What I missed about Warwick – OurWarwick
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What I missed about Warwick

So I’m sitting there, barbecue sauce on my galette, thinking about how much I wish I weren’t. I couldn’t put my finger on it. My host university for my Erasmus year abroad had lectures, it had teachers, it had nights out, it even had a music room. But something didn’t feel the same.

I mean apart from the whole France thing…

I supposed that it was the first time out of my comfort zone, like, really far out of my comfort zone. Sure, I’d been abroad and, sure, I’d said my fair share of foreign words to foreign waiting staff (with my very foreign accent), but I had never lived in another culture before. They say it’s supposed to make you more open minded but after dealing with the absolute travesty that is being a foreign student in France my mind was certainly closing in on some bureaucracy related stereotypes.

I thought hard for a while and came to a few conclusions about what I missed about Warwick:

The Societies:

Yeah, you saw this one coming right? I’m a societies guy, I love them. I think they’re a blessing and the fact that my brother went through uni only joining one is a travesty. Where I was studying in France didn’t really have an equivalent. They would certainly claim to have societies, and they did indeed have a photography society and a music society, but these felt more like an arm of the student union and its events: providing entertainment and photos for galas and barbecues.

I was looking for societies like Acappella, Argentine Tango, and Esports. Societies that organised their own events outside of the related hobby alone. Societies that you could join and become part of a family rather than a corporation.

Societies are a beautiful part of university life and I strongly encourage everyone to take part. After university it’s much harder and much more expensive to try new hobbies and join groups like these, just ask anyone who has an office job in London.

The Professors:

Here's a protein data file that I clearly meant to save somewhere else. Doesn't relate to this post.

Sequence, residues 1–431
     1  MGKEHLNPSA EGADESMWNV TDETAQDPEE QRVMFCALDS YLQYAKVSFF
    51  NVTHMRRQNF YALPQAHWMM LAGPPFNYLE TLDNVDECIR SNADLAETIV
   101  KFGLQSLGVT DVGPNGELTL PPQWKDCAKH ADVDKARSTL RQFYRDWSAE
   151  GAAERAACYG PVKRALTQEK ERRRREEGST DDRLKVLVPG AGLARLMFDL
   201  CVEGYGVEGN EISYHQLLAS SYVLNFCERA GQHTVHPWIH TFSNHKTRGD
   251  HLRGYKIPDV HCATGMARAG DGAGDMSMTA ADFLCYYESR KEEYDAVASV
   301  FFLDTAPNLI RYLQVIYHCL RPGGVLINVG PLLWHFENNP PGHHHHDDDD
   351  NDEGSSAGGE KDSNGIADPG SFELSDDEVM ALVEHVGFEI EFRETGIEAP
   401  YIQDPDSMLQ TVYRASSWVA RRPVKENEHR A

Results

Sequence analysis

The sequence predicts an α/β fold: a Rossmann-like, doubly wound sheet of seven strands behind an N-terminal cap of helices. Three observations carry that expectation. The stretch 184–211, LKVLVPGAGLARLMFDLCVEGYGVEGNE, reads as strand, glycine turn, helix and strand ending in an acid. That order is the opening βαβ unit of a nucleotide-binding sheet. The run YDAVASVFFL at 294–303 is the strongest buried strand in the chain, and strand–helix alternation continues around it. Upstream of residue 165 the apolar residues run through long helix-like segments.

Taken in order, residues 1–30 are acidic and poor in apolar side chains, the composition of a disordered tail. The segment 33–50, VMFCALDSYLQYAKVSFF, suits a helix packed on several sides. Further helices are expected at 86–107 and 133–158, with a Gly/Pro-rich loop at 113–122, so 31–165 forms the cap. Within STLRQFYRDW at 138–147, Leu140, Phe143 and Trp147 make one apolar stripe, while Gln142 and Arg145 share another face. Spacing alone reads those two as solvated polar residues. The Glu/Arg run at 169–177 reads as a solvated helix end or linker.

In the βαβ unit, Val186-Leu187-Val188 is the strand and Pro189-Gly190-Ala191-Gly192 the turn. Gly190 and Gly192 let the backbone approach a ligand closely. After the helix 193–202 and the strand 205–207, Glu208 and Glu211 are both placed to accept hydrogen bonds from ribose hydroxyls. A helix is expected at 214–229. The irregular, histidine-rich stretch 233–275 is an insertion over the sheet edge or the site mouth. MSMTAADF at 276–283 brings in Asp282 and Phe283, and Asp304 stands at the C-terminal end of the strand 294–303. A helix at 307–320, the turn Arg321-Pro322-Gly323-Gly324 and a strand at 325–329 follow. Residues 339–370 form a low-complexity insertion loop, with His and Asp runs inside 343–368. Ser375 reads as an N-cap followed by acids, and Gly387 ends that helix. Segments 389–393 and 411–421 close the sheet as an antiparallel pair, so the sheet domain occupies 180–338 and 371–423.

Hear me out. I missed my professors not because we were best mates but because they were doing really interesting work and I wanted to talk to them about it. The best way to decide if you want to do something in the future is to engage with it yourself. I, personally, find it much easier to talk to someone about what they do than send an email and hope they care enough to respond. Professors have office hours that they have to be present for, but there’s no “email hours” that they have to respond to you in. I’m at a point in my life where I really should be deciding what I want to do in the future as a career and I’m so glad I have the opportunity to go around looking at what might happen if I choose to study a certain topic.

But professors are found anywhere, why do I care so much about the ones at Warwick? The truth is I don’t really, it’s just that as I’ve been a student here for quite a while I know a lot of them and know who’s friendly and open to questions. There’s no one better to answer questions and queries than an expert, and sometimes their answers are more sobering than what you can find from people less experienced.

The Facilities

I’m not happy about paying £9250 a year for my education, but I am happy that at least the computers work properly. I learned very quickly not to take things for granted when I studied abroad. Faulty computers, ancient websites that barely work half of the time, tiny sports facilities, and uncomfortable lecture theatres are just some of the many frustrations that really take the magic out of studying somewhere.

That’s not to mention the architectural differences. Warwick may not be one of the old guard like Oxford or Edinburgh, but its modern architecture is just nice to look at. There are so many instagram-worthy spots on campus (partly because of the trees) and it’s hard to appreciate until you study somewhere full of litter and that is an incoherent mess of design. Take a stroll to the Mathematical Sciences Building, visit the WBS, go study in the Oculus. These are the kinds of places designed with a certain vision in mind, one shared by the entire university and one that you will miss when you look back on it. Take advantage of it while it’s here!

  • Jane Hutton

    A nice, wry, gentle blog, Martin. I enjoy chatting with students. If you want to hear about my research, including some on covid-19, or missing data, or ethics, or my work as an expert witness in medico-legal cases, or the ideas which we have bounced around in the landscape working party (mathematical plants for the maths houses on Gibbet Hill?) drop me an email to set up a video call.


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